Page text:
Operator dies when crane tumbles off construction barge

A 10-ton crane fell off a barge while dismantling a dock in a Virginia lake, killing the operator.

The U.S. Coast Guard and U.S. Occupational Safety and Health Administration (OSHA) are investigating what caused the Oct. 5, 2009, accident at Smith Mountain Lake near Wirtz, Va. Contractors from Plyler Homes and Docks were pulling wooden pilings out of the lakebed when the crane toppled over and plunged into the deep lake, investigators said.

Crane operator Roger Dale “Peanut” Goad, 55, of Henry, Va., was killed, the Coast Guard said. Divers found Goad lying on the lake bottom, next to the crane, 100 feet from shore.

The 19,000- to 20,000-pound crane with a 60-foot boom was chained to a barge that was roughly 15 by 50 feet. A utility boat transports the barge to jobs around the 20,600-acre lake. The same vessel helps to hold the barge in place while the crane is working. On Oct. 5, the equipment was being used to dismantle an old dock for a private resident, said Capt. Patrick Meeks of the Franklin County Department of Public Safety.

“Somehow the crane came loose from the barge,” Meeks said. “They were pulling a pylon out. I don’t know if the pylon snapped or if the release of it was too quick, but the crane tipped backwards and tipped off the back of the barge into 60 feet of water.”

Meeks said the three-man crew included Goad’s son, who witnessed the fatal noontime accident. They weren’t wearing life vests. Divers recovered the body of the crane operator about two hours later. He was not trapped inside the crane.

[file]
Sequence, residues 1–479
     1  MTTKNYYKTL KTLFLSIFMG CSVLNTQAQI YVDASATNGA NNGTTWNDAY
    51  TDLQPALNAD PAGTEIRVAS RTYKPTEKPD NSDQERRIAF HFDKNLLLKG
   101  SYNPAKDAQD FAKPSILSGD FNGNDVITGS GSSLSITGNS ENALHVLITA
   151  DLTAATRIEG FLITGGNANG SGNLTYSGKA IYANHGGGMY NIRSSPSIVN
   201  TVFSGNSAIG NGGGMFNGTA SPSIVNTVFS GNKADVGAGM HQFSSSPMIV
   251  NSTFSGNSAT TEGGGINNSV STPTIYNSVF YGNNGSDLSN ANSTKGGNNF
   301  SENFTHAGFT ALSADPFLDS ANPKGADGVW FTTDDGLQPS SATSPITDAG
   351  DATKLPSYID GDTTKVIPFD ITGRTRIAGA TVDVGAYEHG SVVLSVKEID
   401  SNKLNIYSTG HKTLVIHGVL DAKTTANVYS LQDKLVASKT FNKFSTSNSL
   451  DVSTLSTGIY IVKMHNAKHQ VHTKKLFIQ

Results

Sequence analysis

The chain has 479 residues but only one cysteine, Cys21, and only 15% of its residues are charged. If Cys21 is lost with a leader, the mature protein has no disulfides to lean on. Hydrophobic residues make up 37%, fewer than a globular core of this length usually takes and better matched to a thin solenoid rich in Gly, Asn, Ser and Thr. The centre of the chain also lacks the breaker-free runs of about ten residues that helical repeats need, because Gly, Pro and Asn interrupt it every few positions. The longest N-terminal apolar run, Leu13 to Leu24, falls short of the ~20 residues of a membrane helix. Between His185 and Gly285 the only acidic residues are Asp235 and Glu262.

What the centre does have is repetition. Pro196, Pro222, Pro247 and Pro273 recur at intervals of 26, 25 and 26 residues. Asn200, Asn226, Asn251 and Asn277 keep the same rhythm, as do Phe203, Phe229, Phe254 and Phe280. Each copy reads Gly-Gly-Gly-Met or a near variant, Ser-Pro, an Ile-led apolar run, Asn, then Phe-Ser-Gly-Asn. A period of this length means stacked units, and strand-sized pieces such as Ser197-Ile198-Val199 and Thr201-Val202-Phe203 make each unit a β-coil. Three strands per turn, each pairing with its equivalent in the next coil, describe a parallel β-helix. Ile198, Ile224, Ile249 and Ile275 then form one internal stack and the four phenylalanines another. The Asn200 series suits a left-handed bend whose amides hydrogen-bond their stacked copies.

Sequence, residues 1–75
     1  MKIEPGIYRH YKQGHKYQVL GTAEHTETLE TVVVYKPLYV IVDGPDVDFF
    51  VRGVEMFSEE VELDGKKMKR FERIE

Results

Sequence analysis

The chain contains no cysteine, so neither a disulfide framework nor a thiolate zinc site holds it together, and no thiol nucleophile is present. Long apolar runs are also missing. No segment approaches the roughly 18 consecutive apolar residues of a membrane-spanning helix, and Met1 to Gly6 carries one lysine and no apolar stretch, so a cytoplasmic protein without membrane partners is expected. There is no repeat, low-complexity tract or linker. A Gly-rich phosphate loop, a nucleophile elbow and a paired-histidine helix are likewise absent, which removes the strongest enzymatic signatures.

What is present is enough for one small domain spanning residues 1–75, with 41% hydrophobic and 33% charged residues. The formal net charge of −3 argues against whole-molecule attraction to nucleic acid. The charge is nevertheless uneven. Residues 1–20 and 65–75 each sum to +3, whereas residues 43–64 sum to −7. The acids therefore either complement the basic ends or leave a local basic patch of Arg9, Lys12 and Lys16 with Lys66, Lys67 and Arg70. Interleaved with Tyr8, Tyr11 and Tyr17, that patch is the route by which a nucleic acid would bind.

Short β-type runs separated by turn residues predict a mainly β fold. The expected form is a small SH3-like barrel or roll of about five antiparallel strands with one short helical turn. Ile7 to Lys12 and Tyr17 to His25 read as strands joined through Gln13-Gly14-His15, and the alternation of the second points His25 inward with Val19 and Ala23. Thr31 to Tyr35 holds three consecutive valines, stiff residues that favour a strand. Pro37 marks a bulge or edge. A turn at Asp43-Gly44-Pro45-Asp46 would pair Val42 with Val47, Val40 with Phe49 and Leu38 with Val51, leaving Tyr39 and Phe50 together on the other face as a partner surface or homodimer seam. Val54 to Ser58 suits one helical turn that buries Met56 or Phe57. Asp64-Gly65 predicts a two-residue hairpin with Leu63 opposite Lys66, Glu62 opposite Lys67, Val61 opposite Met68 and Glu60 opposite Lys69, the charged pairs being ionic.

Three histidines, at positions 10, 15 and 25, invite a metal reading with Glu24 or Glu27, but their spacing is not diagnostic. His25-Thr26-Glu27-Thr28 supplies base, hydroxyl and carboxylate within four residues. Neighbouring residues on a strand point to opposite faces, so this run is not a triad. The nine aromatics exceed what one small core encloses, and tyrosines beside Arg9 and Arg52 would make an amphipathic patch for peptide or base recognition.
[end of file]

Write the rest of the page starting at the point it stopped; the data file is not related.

The crane “landed on the right side with the cab door open,” Meeks said. “The individual was found outside the crane lying flat on the bottom, five to eight feet behind the crane. I don’t know if he tried to get out on his own or if he floated out.”

OSHA is investigating whether the crane was properly secured to the barge and why the crew were not wearing life vests. The results of that probe were not yet available in early December.

“It was actually a crane on tracks, and they roll these things on their barges, and they secure them to the barge with chains,” Meeks said.

Officials with Moneta, Va.-based Plyler Homes and Docks didn’t respond to requests for comment.

Coast Guard officials in Portsmouth, Va., declined to release any information about the size and design of the boat that accompanied the barge.

The crane was still in the lake in November. The Coast Guard said the company was working on a salvage plan. The equipment contains diesel fuel and hydraulic fluid.

Dom Yanchunas

By Professional Mariner Staff